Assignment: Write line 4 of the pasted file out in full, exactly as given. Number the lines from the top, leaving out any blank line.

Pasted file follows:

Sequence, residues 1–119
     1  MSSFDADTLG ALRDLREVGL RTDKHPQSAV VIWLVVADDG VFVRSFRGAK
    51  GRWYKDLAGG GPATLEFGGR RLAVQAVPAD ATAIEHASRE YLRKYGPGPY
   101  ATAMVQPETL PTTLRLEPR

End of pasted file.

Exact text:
   101  ATAMVQPETL PTTLRLEPR